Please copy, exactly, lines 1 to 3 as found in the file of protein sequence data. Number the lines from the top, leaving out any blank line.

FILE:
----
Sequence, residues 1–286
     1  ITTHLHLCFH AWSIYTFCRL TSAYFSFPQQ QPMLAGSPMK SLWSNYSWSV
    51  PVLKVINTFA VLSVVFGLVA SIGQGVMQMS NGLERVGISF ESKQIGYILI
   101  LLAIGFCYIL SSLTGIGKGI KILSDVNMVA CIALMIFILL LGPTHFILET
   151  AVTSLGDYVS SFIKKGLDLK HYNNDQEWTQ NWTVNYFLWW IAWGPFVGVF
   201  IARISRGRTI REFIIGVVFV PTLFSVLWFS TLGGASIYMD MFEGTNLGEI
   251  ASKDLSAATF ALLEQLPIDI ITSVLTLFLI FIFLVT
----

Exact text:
Sequence, residues 1–286
     1  ITTHLHLCFH AWSIYTFCRL TSAYFSFPQQ QPMLAGSPMK SLWSNYSWSV
    51  PVLKVINTFA VLSVVFGLVA SIGQGVMQMS NGLERVGISF ESKQIGYILI